Reference : The callipyge mutation and other genes that affect muscle hypertrophy in sheep.
Scientific journals : Article
Life sciences : Genetics & genetic processes
http://hdl.handle.net/2268/102408
The callipyge mutation and other genes that affect muscle hypertrophy in sheep.
English
Cockett, Noelle E [> > > >]
Smit, Maria A [> > > >]
Bidwell, Christopher A [> > > >]
SEGERS, Karin mailto [Centre Hospitalier Universitaire de Liège - CHU > > Génétique]
Hadfield, Tracy L [> > > >]
Snowder, Gary D [> > > >]
Georges, Michel mailto [Université de Liège - ULg > Département de productions animales > GIGA-R : Génomique animale]
Charlier, Carole mailto [> >]
2005
Genetics, Selection, Evolution
EDP Sciences
37 Suppl 1
S65-81
Yes (verified by ORBi)
International
0999-193X
1297-9686
Les Ulis
France
[en] Animals ; Breeding/methods ; Gene Expression Profiling ; Genes/genetics ; Hypertrophy/genetics ; Meat ; Muscle, Skeletal/growth & development ; Mutation/genetics ; Quantitative Trait Loci/genetics ; Sheep/genetics/growth & development
[en] Genetic strategies to improve the profitability of sheep operations have generally focused on traits for reproduction. However, natural mutations exist in sheep that affect muscle growth and development, and the exploitation of these mutations in breeding strategies has the potential to significantly improve lamb-meat quality. The best-documented mutation for muscle development in sheep is callipyge (CLPG), which causes a postnatal muscle hypertrophy that is localized to the pelvic limbs and loin. Enhanced skeletal muscle growth is also observed in animals with the Carwell (or rib-eye muscling) mutation, and a double-muscling phenotype has been documented for animals of the Texel sheep breed. However, the actual mutations responsible for these muscular hypertrophy phenotypes in sheep have yet to be identified, and further characterization of the genetic basis for these phenotypes will provide insight into the biological control of muscle growth and body composition.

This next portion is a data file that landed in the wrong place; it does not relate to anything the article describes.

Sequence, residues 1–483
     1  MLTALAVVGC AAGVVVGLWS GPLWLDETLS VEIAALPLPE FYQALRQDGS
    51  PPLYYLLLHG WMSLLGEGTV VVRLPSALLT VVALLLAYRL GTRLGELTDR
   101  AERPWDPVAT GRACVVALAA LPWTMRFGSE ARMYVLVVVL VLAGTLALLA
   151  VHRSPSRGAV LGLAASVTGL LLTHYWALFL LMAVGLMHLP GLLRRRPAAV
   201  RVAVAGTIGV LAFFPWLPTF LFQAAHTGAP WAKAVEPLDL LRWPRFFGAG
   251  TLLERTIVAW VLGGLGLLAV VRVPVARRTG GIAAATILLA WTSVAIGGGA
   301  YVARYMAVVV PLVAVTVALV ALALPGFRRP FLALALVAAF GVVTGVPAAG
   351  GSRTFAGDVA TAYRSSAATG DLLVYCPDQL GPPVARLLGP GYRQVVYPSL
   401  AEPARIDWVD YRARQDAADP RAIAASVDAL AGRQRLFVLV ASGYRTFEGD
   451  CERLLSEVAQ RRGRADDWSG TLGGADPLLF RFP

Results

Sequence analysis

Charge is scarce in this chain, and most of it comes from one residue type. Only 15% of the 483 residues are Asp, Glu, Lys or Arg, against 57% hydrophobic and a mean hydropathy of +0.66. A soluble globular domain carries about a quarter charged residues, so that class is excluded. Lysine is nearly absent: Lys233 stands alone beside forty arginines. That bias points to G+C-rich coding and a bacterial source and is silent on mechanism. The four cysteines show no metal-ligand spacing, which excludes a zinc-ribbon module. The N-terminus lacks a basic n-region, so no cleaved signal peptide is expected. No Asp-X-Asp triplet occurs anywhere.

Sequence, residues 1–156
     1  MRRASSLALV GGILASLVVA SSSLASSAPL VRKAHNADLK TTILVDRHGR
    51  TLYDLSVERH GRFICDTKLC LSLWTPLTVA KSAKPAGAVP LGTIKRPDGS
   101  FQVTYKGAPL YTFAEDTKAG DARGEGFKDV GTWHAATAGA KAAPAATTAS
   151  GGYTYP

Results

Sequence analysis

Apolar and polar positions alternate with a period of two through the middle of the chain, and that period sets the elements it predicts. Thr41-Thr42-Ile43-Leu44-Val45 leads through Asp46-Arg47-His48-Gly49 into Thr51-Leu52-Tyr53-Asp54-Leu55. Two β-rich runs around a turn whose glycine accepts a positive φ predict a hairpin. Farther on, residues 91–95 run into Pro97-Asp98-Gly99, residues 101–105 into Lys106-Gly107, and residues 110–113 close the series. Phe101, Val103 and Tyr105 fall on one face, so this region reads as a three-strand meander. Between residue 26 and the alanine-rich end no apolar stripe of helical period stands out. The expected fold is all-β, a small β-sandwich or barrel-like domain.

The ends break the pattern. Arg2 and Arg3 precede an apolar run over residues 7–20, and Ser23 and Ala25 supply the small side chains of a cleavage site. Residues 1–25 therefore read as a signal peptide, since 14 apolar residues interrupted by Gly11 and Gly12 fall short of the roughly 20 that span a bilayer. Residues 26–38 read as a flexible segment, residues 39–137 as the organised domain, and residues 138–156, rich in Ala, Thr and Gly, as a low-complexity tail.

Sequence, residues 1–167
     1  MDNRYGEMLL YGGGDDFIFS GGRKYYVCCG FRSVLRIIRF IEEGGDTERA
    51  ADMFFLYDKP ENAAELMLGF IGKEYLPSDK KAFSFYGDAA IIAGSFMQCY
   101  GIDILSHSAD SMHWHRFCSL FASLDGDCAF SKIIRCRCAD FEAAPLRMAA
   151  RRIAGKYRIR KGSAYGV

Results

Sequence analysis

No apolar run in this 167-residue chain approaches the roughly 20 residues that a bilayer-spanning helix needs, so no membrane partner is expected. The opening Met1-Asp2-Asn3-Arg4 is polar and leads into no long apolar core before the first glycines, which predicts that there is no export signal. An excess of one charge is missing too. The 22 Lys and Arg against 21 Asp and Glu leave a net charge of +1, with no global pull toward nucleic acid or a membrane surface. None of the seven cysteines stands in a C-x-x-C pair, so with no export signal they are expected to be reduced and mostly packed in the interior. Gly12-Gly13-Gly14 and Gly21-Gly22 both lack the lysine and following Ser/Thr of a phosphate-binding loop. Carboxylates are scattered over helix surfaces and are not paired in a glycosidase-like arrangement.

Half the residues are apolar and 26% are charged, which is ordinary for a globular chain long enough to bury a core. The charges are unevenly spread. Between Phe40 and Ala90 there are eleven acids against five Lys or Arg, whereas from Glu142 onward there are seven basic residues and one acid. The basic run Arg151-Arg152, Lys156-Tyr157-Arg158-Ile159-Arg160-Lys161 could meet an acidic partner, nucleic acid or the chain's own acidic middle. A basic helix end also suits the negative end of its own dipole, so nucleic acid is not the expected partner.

Researchers ; Professionals
http://hdl.handle.net/2268/102408
10.1051/gse:2004032

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